Forget Indiana Jones. If you're making a period-piece adventure these days, you might want to consider putting the whip, wooden stake or pistol in the hand of a long-gone world leader or esteemed author.
It may sound a bit strange, but that's the message coming back from pop culture at the moment. Consider the fact that, at bookstores right now, Abe Lincoln and Queen Victoria
are each taking on dark supernatural threats and that Hollywood has plans to turn Charles Dickens, H.P. Lovecraft and Leonardo da Vinci into on-screen action heroes.
The new novel "Abraham Lincoln: Vampire Hunter" by Seth Grahame-Smith (who also brought the world "Pride and Prejudice and Zombies") is getting enthusiastic reviews, as is "Queen Victoria: Demon Hunter," which Los Angeles Times book reviewer Nick Owchar called "wildly entertaining."
Hollywood, meanwhile, is getting into the history-book mindset with a flurry of projects.
Ron Howard, who knows his way around spooky libraries and crypts after "The Da Vinci Code" and "Angels & Demons," has plans to adapt "The Strange Adventures of H.P. Lovecraft," the Image Comics series that pits the author against some of the same sort of ancient beasties that filled his novels.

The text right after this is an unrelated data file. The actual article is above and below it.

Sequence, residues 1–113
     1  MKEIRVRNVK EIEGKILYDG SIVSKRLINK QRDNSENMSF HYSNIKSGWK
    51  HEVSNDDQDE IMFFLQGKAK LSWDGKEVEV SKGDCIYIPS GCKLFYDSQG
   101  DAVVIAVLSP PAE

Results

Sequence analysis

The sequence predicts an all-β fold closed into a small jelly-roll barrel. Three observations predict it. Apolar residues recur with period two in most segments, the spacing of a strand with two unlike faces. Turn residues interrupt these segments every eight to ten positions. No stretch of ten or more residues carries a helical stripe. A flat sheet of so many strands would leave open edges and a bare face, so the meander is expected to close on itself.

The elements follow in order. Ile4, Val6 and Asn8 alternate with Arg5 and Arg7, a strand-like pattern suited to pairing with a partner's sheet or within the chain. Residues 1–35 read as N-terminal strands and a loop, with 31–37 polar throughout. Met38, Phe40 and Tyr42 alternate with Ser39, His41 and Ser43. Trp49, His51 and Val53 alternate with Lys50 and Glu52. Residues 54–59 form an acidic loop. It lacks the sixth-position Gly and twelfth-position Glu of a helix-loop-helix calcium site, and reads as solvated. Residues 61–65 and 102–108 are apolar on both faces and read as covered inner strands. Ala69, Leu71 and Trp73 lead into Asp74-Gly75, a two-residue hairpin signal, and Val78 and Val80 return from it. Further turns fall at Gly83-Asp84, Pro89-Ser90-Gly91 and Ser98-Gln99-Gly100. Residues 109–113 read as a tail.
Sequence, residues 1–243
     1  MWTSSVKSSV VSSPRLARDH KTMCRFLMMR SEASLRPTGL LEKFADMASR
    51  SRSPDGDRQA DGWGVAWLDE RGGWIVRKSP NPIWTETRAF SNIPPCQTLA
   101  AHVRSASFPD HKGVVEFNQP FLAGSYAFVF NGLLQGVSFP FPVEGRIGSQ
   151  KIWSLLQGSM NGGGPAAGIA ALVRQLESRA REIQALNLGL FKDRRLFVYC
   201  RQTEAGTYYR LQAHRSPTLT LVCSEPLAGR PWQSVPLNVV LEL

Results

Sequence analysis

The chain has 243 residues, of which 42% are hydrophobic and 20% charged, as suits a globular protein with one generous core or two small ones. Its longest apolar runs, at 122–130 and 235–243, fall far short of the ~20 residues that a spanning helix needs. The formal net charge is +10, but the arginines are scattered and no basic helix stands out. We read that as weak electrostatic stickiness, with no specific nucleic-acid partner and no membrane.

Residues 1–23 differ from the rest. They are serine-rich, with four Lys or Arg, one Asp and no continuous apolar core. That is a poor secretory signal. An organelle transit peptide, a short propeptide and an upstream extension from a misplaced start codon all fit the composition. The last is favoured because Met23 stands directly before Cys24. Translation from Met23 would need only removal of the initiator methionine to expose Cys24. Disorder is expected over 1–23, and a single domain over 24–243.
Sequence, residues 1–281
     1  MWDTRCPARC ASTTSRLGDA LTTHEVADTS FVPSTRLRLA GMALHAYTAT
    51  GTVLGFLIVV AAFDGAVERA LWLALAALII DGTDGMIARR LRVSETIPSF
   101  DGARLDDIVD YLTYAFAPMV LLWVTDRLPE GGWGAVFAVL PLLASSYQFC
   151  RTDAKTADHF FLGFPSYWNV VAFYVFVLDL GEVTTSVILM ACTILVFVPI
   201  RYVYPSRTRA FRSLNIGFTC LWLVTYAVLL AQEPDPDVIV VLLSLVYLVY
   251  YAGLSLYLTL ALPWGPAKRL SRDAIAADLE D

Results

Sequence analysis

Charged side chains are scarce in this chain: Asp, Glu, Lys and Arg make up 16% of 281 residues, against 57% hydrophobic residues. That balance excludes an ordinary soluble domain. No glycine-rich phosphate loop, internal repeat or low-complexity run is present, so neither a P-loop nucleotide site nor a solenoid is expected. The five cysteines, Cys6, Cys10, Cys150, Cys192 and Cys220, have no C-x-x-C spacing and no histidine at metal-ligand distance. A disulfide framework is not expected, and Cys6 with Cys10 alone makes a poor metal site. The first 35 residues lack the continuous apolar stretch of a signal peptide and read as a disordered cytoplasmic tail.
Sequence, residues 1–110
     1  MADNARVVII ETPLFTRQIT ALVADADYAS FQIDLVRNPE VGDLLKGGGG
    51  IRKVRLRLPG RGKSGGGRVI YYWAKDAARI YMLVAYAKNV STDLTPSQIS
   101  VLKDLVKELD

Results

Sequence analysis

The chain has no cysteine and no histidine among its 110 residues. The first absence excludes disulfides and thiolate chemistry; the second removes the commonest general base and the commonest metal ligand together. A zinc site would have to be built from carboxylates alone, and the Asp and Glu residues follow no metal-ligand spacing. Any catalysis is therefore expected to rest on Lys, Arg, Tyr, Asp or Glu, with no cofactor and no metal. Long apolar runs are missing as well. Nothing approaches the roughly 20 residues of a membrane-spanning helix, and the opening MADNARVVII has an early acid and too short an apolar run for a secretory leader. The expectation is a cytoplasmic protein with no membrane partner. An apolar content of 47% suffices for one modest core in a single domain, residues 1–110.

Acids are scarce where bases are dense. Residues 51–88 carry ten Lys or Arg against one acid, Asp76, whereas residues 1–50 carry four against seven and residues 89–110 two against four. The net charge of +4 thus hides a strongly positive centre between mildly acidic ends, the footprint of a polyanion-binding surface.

Just announced, meanwhile, is "Leonardo da Vinci and the Soldiers of Forever," a Warner Bros. and Prime Universe project that would pit Italian artist and thinker Leonardo against "biblical demons in a story involving secret codes, lost civilizations, hidden fortresses and fallen angels," as it was summed up at the Heat Vision blog, which first reported the venture. (Who might star in it? That was the playful question asked by Patrick Goldstein of the Big Picture, who is not impressed with idea of the "Mona Lisa"
painter as action hero.)
But wait, there's more. Guillermo del Toro also has plans to adapt the 2008 novel "Drood," which puts Dickens at the center of an occult mystery in 1860s London. Don't expect to see that one soon, though, since the "Pan's Labyrinth" director has his two-film adaptation of "The Hobbit" on his agenda first.
There may be one upside to this scramble to find a future blockbuster in the pages of the past -- think of all the Hollywood agents who now have to go get themselves a library card.